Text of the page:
A Trucking Stock With the Pedal to the Metal
Compiled in 1884 by Charles Dow, co-founder of Dow Jones & Company, the DJTA, a price-weighted average of 20 U.S. transportation stocks, is the oldest stock index in the country.
When it was first set up, nine of its holdings were railways, but it has diversified along with the sector it represents and now includes a range of firms, from couriers like FedEx (NYSE: FDX) to marine shippers and trucking companies like J.B. Hunt Transport Services (NasdaqGS: JBHT).
The index has put on a strong run so far this year, rising 34% since January 1. That’s well ahead of a 21% gain for the wider Dow Jones Industrial Average and 25% for the S&P 500. The coming years also look promising for the transport sector, particularly from the cabs of the nation’s tractor-trailer fleet.
Trucking Industry Shifts Gears
According to the 2013 U.S. Freight Transportation Forecast, compiled by the American Trucking Association, the trucking business is in for a period of significant long-term growth.
The forecast, which was released in June, estimates that overall freight revenue in the U.S. will reach $1.3 trillion annually in 2024, up 63.6% from 2012. Trucking will see its share of that revenue rise to 81% in 2024 from 80.7% last year.
Meanwhile, the U.S. Department of Transportation predicts that trucks will carry 36.6% of the country’s freight by 2020, up from 33% in 2001. That’s the biggest gain during this period among all freight-transportation options.
King of the Road
These trends bode well for both the wider economy and firms like J.B. Hunt, the country’s largest truckload carrier by revenue.
J.B. Hunt was incorporated in Arkansas in 1961, when it operated just five trucks and seven refrigerated trailers. It began trading publicly in 1983, by which time it had grown to 550 trucks and 1,049 trailers. Today, its fleet boasts over 47,000 trailers and 12,000 trucks.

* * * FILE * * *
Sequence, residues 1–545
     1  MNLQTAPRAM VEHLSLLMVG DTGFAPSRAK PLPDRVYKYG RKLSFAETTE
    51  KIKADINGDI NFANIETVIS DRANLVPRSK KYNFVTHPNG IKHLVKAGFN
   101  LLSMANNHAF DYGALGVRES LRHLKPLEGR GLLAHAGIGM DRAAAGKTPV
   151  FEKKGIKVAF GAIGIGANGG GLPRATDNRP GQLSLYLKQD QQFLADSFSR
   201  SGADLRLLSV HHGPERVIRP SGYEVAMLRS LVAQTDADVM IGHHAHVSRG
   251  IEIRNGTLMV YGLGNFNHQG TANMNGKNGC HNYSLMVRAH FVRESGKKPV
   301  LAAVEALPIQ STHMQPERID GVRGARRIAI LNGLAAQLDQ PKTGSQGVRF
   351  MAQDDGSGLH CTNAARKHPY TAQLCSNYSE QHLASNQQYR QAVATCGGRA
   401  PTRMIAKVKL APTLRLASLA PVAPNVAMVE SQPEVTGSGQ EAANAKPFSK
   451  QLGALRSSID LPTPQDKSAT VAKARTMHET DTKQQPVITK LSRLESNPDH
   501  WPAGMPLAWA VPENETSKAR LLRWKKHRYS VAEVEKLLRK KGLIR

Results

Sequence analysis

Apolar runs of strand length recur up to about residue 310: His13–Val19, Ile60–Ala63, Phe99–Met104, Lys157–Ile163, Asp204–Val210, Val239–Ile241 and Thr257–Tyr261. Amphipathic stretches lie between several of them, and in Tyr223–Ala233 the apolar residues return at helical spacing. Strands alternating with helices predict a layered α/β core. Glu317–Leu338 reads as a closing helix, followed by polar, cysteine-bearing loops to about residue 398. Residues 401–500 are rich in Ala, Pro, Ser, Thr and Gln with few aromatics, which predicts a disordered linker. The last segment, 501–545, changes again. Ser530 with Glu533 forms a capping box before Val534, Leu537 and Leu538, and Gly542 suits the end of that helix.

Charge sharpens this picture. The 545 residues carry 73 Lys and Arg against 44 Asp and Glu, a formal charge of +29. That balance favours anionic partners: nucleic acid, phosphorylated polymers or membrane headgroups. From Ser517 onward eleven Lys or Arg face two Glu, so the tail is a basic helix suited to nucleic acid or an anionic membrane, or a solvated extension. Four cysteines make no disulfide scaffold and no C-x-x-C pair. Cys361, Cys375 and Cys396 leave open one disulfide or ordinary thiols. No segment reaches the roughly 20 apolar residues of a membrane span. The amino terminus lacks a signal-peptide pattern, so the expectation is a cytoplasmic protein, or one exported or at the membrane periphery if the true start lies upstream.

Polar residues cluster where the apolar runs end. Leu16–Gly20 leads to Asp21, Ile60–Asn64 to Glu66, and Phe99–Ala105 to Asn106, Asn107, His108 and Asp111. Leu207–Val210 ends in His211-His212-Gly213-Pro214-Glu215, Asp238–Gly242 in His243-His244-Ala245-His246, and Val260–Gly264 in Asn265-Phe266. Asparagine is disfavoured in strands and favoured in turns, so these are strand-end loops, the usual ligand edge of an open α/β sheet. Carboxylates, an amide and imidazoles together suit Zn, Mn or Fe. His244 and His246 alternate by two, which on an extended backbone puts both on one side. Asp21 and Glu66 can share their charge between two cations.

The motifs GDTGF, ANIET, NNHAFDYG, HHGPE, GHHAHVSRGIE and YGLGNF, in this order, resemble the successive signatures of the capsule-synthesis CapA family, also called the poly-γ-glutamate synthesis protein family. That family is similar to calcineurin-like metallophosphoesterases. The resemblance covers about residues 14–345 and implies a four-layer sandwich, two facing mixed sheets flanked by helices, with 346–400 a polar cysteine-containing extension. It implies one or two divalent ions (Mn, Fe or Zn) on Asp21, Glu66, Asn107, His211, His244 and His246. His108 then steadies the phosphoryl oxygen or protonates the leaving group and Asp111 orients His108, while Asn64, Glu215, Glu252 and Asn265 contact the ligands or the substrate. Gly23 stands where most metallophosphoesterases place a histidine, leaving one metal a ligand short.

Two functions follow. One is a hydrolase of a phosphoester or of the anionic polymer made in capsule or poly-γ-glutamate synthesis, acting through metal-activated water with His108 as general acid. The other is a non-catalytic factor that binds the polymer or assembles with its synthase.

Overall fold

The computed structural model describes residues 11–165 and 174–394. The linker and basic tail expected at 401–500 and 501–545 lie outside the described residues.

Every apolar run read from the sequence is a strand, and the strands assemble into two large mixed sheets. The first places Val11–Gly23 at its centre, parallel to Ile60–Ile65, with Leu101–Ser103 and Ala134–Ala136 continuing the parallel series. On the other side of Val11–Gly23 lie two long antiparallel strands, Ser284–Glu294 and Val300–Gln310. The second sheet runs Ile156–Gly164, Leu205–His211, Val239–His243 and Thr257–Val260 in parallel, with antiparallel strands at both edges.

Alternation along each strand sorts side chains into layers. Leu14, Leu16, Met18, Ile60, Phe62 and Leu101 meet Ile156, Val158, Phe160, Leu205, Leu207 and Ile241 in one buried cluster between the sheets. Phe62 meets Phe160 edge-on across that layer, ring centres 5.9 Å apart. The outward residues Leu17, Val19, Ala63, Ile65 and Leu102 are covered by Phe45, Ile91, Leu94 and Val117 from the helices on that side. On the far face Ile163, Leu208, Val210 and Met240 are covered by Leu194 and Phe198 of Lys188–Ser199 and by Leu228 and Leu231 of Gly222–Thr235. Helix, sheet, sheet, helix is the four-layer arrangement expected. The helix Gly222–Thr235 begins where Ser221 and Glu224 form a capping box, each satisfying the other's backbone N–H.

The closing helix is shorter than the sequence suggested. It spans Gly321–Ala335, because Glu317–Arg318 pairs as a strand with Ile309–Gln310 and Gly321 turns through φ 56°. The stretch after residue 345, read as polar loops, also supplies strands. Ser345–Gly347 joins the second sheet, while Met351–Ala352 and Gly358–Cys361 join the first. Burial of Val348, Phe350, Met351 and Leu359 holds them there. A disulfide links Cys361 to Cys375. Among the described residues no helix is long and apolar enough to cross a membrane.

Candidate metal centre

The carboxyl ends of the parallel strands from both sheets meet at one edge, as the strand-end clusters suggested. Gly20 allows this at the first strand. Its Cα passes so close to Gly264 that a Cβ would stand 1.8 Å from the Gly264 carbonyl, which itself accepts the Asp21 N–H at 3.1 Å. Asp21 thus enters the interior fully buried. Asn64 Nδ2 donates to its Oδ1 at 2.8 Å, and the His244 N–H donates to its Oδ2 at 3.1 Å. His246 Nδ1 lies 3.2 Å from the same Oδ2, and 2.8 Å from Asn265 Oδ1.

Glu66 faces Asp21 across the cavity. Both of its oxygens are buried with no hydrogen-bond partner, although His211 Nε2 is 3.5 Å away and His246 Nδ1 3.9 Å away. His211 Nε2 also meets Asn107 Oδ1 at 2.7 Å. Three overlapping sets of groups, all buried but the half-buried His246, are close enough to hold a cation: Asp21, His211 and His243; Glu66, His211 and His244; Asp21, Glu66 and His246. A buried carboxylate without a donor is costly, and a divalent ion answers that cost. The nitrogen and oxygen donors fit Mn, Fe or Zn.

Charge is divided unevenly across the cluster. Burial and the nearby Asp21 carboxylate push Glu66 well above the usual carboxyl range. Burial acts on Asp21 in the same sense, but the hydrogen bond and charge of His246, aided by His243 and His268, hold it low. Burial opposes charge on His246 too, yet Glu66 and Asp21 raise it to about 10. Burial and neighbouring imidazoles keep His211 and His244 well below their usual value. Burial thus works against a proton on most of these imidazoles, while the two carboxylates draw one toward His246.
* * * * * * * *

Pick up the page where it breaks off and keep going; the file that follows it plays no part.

Investing Daily analyst Benjamin Shepherd issued a buy call on the stock in a July 22, 2009, article in our Personal Finance newsletter, during the darkest days of the recession. He liked J.B. Hunt’s broad array of services, particularly its growing expertise in intermodal shipping, which helped soften the blow from the downturn and put the company in a great position to benefit as the economy regained its footing.
“J.B. Hunt was one of the first trucking outfits to enter intermodal shipping, establishing major relationships with Burlington Northern Santa Fe in the west and Norfolk Southern (NYSE: NSC) in the east,” wrote Shepherd.
“These relationships are by no means exclusive, and there’s plenty of competition,” he added. “But J.B. Hunt’s tenure and expertise in intermodal shipping makes it one of the lowest-cost shippers in the market, a distinct competitive advantage.”
It turned out to be a prescient call: since Shepherd’s article was published, J.B. Hunt shares have gained 181%, well ahead of the S&P 500’s 87% gain.
Benefiting From Online Shopping
Today, J.B. Hunt’s business continues to be well diversified, though its intermodal segment has grown to account for a somewhat larger share of its overall revenue: 61% in 2012 compared to 55% in 2009.